Welzel TM, Graubard BI, Zeuzem S, El-Serag HB, Davila JA, McGlynn KA. Metabolic syndrome increases the risk of primary liver cancer in the United States: a study in the SEER-Medicare database. Hepatology. 2011;54:463–471.CrossRefGoogle Scholar
  5. 5.
    Nderitu P, Bosco C, Garmo H, et al. The association between individual metabolic syndrome components, primary liver cancer and cirrhosis: a study in the Swedish AMORIS cohort. Int J Cancer. 2017;141:1148–1160.CrossRefGoogle Scholar
  6. 6.
    Alberti KG, Zimmet P, Shaw J. Metabolic syndrome—a new world-wide definition. A Consensus Statement from the International Diabetes Federation. Diabet Med. 2006;23:469–480.CrossRefGoogle Scholar
  7. 7.
    Chen CL, Yang HI, Yang WS, et al. Metabolic factors and risk of hepatocellular carcinoma by chronic hepatitis B/C infection: a follow-up study in Taiwan. Gastroenterology. 2008;135:111–121.CrossRefGoogle Scholar
  8. 8.
    Wong GL, Wong VW, Choi PC, et al. Metabolic syndrome increases the risk of liver cirrhosis in chronic hepatitis B. Gut. 2009;58:111–117.CrossRefGoogle Scholar
  9. 9.
    Wang CC, Tseng TC, Kao JH. Hepatitis B virus infection and metabolic syndrome: fact or fiction? J Gastroenterol Hepatol. 2015;30:14–20.CrossRefGoogle Scholar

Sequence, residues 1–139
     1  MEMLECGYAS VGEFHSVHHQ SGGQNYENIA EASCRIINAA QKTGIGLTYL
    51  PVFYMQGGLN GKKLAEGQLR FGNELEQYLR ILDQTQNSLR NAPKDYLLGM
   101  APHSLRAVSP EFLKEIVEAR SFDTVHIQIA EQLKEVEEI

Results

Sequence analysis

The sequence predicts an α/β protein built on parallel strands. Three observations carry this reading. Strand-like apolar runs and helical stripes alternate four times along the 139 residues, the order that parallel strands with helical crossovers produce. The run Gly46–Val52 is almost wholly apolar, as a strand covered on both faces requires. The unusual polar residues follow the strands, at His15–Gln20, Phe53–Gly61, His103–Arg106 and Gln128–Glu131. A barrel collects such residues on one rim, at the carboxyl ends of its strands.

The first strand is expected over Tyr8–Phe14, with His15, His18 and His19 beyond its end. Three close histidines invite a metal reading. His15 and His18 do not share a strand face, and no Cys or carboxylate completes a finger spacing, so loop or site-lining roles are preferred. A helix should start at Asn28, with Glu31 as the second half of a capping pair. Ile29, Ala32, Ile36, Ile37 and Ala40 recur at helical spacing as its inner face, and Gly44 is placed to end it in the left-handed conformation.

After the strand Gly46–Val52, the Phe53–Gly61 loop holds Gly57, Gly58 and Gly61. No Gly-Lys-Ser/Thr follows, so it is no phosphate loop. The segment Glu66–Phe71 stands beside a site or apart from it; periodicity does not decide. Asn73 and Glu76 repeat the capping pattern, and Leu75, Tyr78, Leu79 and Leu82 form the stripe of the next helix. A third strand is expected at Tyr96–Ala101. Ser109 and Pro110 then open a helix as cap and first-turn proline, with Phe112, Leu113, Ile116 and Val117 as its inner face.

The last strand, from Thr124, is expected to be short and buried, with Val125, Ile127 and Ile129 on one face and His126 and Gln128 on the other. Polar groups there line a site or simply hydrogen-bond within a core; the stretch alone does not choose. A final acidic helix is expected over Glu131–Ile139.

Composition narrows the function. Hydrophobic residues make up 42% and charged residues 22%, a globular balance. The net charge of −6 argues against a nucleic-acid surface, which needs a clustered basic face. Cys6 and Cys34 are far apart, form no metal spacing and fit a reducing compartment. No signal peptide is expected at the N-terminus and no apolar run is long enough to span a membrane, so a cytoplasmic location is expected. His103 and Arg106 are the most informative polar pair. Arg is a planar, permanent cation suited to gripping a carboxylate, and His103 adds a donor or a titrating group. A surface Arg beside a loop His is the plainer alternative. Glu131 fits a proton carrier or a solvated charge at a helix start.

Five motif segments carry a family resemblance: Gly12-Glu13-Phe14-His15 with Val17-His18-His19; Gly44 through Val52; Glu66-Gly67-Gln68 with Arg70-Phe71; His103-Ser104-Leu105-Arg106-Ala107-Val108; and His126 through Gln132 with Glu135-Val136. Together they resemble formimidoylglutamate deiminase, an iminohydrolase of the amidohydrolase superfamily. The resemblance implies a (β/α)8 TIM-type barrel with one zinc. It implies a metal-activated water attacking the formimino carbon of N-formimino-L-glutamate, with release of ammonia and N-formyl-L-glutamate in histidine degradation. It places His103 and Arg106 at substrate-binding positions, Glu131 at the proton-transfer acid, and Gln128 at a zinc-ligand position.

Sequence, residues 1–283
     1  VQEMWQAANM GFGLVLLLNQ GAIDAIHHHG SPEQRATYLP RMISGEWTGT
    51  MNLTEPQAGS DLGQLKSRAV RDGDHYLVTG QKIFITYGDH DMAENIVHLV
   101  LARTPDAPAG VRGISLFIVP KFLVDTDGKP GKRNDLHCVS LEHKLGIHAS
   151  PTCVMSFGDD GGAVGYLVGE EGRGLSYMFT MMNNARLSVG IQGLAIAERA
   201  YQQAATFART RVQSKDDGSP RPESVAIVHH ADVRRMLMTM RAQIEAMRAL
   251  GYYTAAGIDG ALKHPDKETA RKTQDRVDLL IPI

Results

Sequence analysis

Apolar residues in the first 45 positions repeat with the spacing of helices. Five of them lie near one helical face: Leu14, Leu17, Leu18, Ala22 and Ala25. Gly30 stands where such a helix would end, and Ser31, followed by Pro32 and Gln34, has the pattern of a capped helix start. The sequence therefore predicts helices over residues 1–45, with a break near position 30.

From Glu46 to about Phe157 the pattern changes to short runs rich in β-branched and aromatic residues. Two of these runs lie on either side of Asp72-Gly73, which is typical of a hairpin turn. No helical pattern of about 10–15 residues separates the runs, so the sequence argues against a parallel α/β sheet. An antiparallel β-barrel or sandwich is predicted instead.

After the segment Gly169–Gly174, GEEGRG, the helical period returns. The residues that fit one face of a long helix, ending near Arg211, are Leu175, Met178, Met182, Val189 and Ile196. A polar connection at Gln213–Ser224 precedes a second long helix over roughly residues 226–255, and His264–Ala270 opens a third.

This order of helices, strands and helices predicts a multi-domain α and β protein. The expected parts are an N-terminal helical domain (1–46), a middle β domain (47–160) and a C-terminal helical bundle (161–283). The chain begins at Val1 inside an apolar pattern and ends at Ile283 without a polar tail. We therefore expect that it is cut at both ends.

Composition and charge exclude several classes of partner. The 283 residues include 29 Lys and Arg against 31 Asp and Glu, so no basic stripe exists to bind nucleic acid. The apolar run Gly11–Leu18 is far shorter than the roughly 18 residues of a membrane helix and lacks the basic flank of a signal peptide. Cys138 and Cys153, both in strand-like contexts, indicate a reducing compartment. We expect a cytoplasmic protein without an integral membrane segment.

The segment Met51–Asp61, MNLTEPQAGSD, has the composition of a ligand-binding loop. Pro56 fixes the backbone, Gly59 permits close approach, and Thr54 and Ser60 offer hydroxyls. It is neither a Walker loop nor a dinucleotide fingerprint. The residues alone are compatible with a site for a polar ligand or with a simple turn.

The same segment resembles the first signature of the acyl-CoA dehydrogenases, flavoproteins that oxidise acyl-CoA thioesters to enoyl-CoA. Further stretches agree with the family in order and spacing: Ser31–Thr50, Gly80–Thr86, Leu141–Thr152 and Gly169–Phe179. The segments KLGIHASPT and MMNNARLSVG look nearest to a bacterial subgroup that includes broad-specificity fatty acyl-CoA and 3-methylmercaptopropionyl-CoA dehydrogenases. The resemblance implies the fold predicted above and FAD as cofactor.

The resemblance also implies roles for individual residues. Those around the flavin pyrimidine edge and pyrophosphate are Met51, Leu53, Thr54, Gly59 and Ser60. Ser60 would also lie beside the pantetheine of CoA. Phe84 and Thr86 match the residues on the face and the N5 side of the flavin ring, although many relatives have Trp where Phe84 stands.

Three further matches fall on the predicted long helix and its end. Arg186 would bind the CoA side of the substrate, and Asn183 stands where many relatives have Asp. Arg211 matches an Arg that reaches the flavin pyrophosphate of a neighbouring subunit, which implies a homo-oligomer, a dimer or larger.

10. 10.
    Hsiang JC, Wong GL, Chan HL, Chan AW, Chim AM, Wong VW. Metabolic syndrome delays HBeAg seroclearance in Chinese patients with hepatitis B. Aliment Pharmacol Ther. 2014;40:716–726.CrossRefGoogle Scholar
  11. 11.
    Mena A, Pedreira JD, Castro A, Lopez S, Vazquez P, Poveda E. Metabolic syndrome association with fibrosis development in chronic hepatitis B virus inactive carriers. J Gastroenterol Hepatol. 2014;29:173–178.CrossRefGoogle Scholar
  12. 12.
    Huang YW, Wang TC, Lin SC, et al. Increased risk of cirrhosis and its decompensation in chronic hepatitis B patients with newly diagnosed diabetes: a nationwide cohort study. Clin Infect Dis. 2013;57:1695–1702.CrossRefGoogle Scholar
  13. 13.
    Yu MW, Shih WL, Lin CL, et al. Body-mass index and progression of hepatitis B: a population-based cohort study in men. J Clin Oncol. 2008;26:5576–5582.CrossRefGoogle Scholar
  14. 14.
    Yu MW, Lin CL, Liu CJ, Yang SH, Tseng YL, Wu CF. Influence of metabolic risk factors on risk of hepatocellular carcinoma and liver-related death in men with chronic hepatitis B: a large cohort study. Gastroenterology. 2017;153:e1005.Google Scholar
  15. 15.
    Wen CP, David Cheng TY, Tsai SP, et al. Are Asians at greater mortality risks for being overweight than Caucasians? Redefining obesity for Asians. Public Health Nutr. 2009;12:497–506.CrossRefGoogle Scholar
  16. 16.
    Schuppan D, Afdhal NH. Liver cirrhosis. Lancet. 2008;371:838–851.CrossRefGoogle Scholar
  17. 17.
    Bruix J, Sherman M. Management of hepatocellular carcinoma: an update. Hepatology. 2011;53:1020–1022.CrossRefGoogle Scholar
  18. 18.
    Fisher B, Anderson S, Fisher ER, et al. Significance of ipsilateral breast tumour recurrence after lumpectomy. Lancet. 1991;338:327–331.CrossRefGoogle Scholar
  19. 19.